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Google Android Businesses Cellphones Handhelds The Almighty Buck

Google's Motorola Adventure: Stinging Defeat, Or Semi-Victory? 139

Nerval's Lobster writes "Google had previously sold Motorola's Home division for $2.4 billion. Combine that with yesterday's $2.91 billion sale of Motorola's remaining assets, subtract the $12.5 billion acquisition price for the company back in 2011, and Google's little smartphone adventure cost it roughly $7.1 billion even before you start throwing in expenses related to actual production, marketing, and personnel. That's a hefty chunk of change, but some analysts think the deal was ultimately a good one because it allowed Google to pick up patents, engineering talent, and insight into the mobile-device marketplace. It's debatable, however, whether those patents ultimately helped Android in the still-raging smartphone wars, and Google was slow to promote Motorola smartphones out of fear of irritating other Android manufacturers. At least Google can console itself with the thought that so many of its other acquisitions—including YouTube and DoubleClick—resulted in massive profits; but you can't hit a home run every time you step up to bat."
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Google's Motorola Adventure: Stinging Defeat, Or Semi-Victory?

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  • by Anonymous Coward on Thursday January 30, 2014 @12:39PM (#46111231)

    what was an important American technology company/division.

    No - what was a FAILING American technology company.

    Speaking of pointless wastes...

    Like your entire post?

  • Samsung (Score:5, Interesting)

    by saleenS281 ( 859657 ) on Thursday January 30, 2014 @01:11PM (#46111591) Homepage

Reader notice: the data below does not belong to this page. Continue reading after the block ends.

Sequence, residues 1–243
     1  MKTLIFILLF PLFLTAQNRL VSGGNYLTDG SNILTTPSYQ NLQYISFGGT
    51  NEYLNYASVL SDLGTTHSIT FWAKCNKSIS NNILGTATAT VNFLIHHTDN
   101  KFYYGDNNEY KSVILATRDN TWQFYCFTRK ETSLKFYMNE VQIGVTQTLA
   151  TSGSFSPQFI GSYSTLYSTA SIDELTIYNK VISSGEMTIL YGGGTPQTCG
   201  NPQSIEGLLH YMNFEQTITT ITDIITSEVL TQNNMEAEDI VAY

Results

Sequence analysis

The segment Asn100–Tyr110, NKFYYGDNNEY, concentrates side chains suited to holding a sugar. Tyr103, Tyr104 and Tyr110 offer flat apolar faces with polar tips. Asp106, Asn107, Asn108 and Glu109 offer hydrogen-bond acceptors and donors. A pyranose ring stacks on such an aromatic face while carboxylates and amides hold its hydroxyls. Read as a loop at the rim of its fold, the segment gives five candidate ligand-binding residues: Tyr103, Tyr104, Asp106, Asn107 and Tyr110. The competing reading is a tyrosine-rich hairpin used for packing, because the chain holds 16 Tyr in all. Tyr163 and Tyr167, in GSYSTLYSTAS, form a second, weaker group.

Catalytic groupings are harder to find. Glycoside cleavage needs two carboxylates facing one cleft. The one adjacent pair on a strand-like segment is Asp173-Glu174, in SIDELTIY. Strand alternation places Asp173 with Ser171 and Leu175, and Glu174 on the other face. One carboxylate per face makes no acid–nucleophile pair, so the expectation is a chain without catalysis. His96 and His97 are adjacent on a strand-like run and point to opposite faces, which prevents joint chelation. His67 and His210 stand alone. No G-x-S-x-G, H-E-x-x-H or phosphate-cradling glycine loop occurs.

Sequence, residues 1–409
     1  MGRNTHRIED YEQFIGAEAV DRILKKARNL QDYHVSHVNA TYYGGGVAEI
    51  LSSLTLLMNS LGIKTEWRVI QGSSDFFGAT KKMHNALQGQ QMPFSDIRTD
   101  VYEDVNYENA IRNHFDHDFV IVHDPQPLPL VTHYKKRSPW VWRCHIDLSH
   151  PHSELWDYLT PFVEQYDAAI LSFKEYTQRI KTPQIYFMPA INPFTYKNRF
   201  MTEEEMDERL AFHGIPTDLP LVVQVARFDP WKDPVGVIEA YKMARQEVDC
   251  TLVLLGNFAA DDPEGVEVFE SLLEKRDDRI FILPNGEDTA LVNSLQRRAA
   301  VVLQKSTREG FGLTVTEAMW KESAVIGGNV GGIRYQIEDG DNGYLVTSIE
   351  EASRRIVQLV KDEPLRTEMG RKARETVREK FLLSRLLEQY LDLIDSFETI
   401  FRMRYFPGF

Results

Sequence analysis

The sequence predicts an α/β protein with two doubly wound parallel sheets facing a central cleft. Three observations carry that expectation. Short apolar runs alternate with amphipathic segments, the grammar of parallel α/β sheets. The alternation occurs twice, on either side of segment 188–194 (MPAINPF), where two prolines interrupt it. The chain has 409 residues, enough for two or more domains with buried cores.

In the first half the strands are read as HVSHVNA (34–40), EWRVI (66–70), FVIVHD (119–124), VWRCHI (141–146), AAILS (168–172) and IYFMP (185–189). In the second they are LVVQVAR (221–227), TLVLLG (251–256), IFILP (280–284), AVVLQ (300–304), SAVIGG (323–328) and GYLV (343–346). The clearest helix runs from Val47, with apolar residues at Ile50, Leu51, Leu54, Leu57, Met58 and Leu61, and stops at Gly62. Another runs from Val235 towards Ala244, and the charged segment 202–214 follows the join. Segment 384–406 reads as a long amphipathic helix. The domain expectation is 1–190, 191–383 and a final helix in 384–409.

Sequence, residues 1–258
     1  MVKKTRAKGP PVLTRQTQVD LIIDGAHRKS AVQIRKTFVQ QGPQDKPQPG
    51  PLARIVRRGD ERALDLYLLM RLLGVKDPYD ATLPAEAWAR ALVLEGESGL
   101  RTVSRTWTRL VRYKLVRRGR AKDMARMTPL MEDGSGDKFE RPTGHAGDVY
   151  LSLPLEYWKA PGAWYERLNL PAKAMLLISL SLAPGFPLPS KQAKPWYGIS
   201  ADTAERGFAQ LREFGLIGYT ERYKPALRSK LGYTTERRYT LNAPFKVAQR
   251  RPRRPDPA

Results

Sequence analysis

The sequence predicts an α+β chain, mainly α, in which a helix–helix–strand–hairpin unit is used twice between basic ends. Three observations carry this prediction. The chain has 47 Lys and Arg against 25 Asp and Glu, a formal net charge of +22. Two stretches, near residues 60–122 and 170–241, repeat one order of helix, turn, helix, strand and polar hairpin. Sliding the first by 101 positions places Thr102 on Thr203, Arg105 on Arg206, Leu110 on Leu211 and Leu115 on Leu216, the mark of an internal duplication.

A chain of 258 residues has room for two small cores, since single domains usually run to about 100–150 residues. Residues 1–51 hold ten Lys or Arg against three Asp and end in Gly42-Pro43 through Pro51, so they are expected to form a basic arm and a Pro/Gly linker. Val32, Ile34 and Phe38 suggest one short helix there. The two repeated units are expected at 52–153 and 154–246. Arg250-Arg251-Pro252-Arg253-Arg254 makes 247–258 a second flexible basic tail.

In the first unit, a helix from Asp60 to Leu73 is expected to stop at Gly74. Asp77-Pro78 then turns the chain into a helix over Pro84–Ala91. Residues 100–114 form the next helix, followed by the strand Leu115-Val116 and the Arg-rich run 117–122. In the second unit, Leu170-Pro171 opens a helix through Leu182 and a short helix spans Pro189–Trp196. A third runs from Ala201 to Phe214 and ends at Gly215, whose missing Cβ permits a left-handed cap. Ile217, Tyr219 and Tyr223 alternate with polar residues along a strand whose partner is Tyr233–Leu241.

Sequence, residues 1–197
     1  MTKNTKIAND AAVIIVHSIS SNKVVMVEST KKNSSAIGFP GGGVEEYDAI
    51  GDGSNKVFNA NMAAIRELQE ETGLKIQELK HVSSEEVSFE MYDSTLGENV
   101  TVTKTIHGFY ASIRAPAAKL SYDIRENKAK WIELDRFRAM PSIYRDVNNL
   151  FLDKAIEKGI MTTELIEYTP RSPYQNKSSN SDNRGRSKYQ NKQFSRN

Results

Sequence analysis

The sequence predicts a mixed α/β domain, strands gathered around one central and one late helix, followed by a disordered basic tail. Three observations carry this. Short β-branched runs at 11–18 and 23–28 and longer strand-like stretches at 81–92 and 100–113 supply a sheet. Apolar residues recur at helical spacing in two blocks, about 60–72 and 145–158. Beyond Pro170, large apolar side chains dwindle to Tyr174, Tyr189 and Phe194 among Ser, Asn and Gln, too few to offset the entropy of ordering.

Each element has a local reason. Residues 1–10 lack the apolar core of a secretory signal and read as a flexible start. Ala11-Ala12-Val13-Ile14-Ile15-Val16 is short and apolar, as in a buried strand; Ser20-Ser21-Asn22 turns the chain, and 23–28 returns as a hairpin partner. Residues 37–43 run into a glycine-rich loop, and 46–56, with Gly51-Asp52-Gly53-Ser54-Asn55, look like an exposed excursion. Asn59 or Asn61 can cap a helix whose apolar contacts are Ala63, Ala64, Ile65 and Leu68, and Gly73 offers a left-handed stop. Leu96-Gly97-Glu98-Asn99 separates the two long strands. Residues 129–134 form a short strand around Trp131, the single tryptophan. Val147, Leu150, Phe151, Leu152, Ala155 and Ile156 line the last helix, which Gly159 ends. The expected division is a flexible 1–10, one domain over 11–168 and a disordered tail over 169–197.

The Moto X was actually an outstanding phone. I dumped my gs3 for one. I think the real end-game here was getting Samsung back in line. Motorola phones were selling enough units to raise alarms at Samsung. It's not like Samsung was in any danger of losing their stranglehold on android phone sales in the short term, but long-term with Google's backing it was only a matter of time until Motorola started taking significant chunks. End result: Samsung has supposedly agreed to dump it's custom UIs and custom applications and fully embrace the Play store and the Google ecosystem. It seems unlikely the timing is just a coincidence. []
  • by alexander_686 ( 957440 ) on Thursday January 30, 2014 @03:53PM (#46113245)

    I think they got rid of the handset division as fast as the tax law would allow. Take a look at this way.

    Motorola (M) could get a higher price is they sold their business as a packaged deal, Motorola Mobility (MM). They got more bidders that way. (It’s not exactly what they did, but it was effectively what they did when they spun off that division.)

    Google wanted the patents but not the hardware division for the reason you mentioned but they had to buy both. They wanted to get rid of it as fast as possible.

    Assuming MM was spun off from M in a tax free spin off, one normally has to wait about 2 years before one can sell off a division. If it was sold off before then it would trigger a big tax bill for MM. Most spin off require the spun off division to pay their parent’s tax bill if they are bought out.

    So we wait 2 years and 6 months and guess what happens – Google sells off the handset division.

  • Re:Samsung (Score:4, Interesting)

    by saleenS281 ( 859657 ) on Thursday January 30, 2014 @04:58PM (#46113985) Homepage
    Ya, you have your history of events backwards. Samsung created Bada in 2010 not too long after Google started going after third parties who were including their apps without approval (read cyanognmod). Google acquired Motorola in 2011 AFTER Samsung started creating their own OS and their own ecosystem to compete directly with Google. Samsung continued down that path until this year, interestingly enough, just after the holiday season in which the Moto X started picking up steam. I'm guessing when Samsung saw VZW approve kitkat for the Moto X almost immediately after release, they saw how screwed they were going to be going forward. As a consumer, when your choice is Motorola with updates immediately after release and minimal bloatware, or Samsung who can be upwards of a YEAR later on VZW and an interface that you either love or hate, the choice is pretty easy. I can tell you I've personally steered at least 10 people away from Samsung and onto a Moto X after letting them play with my phone for 5 minutes and showing them that the spec sheet doesn't always tell the full story.

10.0 times 0.1 is hardly ever 1.0.